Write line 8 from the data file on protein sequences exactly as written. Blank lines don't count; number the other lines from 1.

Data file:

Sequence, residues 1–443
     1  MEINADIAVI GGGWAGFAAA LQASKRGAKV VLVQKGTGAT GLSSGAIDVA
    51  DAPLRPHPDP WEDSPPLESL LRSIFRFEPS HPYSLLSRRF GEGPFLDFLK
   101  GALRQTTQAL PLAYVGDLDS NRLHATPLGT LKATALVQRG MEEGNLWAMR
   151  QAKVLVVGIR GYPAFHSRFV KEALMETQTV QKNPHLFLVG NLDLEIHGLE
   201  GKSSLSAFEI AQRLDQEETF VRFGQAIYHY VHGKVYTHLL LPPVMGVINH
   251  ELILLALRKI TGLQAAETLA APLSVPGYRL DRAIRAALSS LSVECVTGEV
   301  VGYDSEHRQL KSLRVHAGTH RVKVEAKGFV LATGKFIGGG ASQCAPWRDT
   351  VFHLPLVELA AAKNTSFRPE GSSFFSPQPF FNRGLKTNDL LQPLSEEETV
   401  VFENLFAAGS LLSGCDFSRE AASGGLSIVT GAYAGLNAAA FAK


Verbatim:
   301  VGYDSEHRQL KSLRVHAGTH RVKVEAKGFV LATGKFIGGG ASQCAPWRDT